Redeemer is a top-down brawler, and the newest installment from developer Sobaka Studio. You play as Vasily, and elite operative for one of the world’s biggest cybernetic weapons manufacturers, who attempts to turn you into one of their cybernetically enhanced soldiers, but you escape into the mountains, finding a little known about well hidden monastery. 20 years go by as you train with the monks and attempt to find peace while your past creeps back up on you. The temple is attacked by soldiers and you spring back to being a killing machine, despite years of peace.
So my first thoughts with Redeemer are nice enough graphics, the combat and movement systems were fairly fluid, level design is a bit frustrating at times, but overall manageable. I find the games title a bit ironic as a lot of it’s qualities are far from redeeming. So let’s dive right into the nitty gritty and talk about what gets you from A to B, the movement and combat systems. Overall, player movement feels fluid, except the dodge roll feels a bit sluggish, not in it’s speed, but in it’s recovery time. He’s supposed to be an incredible mercenary, and monk (who we all know are masters of martial arts), so why does it take him so long to recover from a roll? It didn’t even feel necessary to use it, because by the time I had recovered I wasn’t out of danger because they’d caught right up.
I know it’s a brawler, and it’s meant to be hectic, I get that and it does provide a fun challenge as the parry button does work fairly well. When you get into the swing of it, it’s very slightly reminiscent of the brawl in the Batman Arkham series by RockSteady. Except lacking in combos, as you can only punch, kick, charge attack (which at times takes too long to bother with), and shoot. I feel like you could’ve added maybe a grapple action, on the same button as execute and environmental kill, just something to mix up the monotony of the games combat. After the first few chapters I started to get bored with it, beat that guy to death, shoot that guy, put this guys head in an oven, after awhile the environmental kills lose their novelty and it just becomes a grind, even with the addition of new enemies and different levels.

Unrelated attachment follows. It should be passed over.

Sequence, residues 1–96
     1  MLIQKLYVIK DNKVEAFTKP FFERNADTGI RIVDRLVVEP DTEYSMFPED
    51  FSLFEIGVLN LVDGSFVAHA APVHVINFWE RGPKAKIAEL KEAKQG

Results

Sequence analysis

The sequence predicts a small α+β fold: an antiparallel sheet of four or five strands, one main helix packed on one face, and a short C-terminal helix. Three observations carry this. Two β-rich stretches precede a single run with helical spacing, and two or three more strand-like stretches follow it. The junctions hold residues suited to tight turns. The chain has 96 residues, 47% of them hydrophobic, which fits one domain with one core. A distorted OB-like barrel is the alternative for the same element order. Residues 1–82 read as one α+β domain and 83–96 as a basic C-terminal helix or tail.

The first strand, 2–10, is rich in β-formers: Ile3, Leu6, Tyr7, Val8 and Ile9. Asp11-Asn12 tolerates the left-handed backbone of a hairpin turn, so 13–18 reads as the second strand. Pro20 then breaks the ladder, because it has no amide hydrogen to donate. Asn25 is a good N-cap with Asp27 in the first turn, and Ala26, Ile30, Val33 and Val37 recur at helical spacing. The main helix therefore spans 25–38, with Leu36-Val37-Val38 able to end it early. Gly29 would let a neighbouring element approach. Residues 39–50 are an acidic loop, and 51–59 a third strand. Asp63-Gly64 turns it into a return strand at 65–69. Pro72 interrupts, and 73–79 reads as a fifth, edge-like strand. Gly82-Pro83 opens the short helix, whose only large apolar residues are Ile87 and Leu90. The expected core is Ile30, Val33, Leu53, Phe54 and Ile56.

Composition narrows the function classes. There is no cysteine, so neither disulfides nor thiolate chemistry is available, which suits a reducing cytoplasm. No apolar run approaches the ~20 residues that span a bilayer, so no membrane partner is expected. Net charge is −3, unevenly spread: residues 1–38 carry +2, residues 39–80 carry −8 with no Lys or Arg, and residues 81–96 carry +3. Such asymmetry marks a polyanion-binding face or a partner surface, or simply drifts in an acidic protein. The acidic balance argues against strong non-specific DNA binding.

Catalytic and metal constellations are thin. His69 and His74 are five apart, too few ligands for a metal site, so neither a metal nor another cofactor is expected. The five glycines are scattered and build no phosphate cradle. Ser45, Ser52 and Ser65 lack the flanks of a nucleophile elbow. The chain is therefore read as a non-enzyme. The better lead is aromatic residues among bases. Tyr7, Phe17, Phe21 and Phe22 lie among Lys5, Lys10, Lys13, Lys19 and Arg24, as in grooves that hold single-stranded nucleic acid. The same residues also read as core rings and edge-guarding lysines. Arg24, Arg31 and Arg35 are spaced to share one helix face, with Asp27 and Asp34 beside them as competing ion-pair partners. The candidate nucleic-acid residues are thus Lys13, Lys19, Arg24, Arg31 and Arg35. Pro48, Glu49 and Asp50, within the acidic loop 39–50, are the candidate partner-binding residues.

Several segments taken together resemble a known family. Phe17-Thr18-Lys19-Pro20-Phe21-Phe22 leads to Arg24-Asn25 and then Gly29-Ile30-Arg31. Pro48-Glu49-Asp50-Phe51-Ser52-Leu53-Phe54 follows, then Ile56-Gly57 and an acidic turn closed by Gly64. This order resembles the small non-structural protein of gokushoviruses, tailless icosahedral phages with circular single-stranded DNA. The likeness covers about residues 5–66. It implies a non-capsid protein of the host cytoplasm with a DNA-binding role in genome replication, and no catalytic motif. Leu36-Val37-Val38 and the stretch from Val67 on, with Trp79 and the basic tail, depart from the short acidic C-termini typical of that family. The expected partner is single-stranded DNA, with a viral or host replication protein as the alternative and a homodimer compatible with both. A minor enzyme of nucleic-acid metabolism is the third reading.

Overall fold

The character designs are interesting, and they provide a nice bit of variety up until you learn how to counter them. Some have special actions like a grapple or pin move, which can be difficult to avoid, and ends up with you rapidly tapping a button while you get attacked by a mob. Though in the spirit of the game, it can get a little frustrating when you can’t parry it, and the hitbox for that move seems to be pretty wide that it makes dodging very difficult. As you get into it, though they differ in looks, some of the enemies have the same move set, whether they’re mutants or soldiers.
The level design can get frustrating with a lack of check points, once you die, you have to fight all the way back to where you were. This can be part of the challenge, but when you get bottle-necked in a small room over and over again it left me feeling a little discourage about continuing on. For the most part, I wasn’t too bothered by it, just certain choke points, and the checkpoints seem random and spaced a bit far apart at times.
I’ll brush slightly over the story, but it’s definitely a bit lack luster and run of the mill with the whole trying to run away from your past but it always comes back to haunt you trope. It seemed a bit too edgy for me personally, and definitely no where near deep enough to get me invested in the main character. So it makes up for that with mindless violence, that lacks in variety. Honestly if you don’t like being punished, and you’re not up for the grind, I wouldn’t recommend this game for you, but if you enjoy brawlers and you’ve got the patience for the difficult parts give it a go.
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Review Statement: The author of this review was provided a PC code by the publisher for the purposes of this review.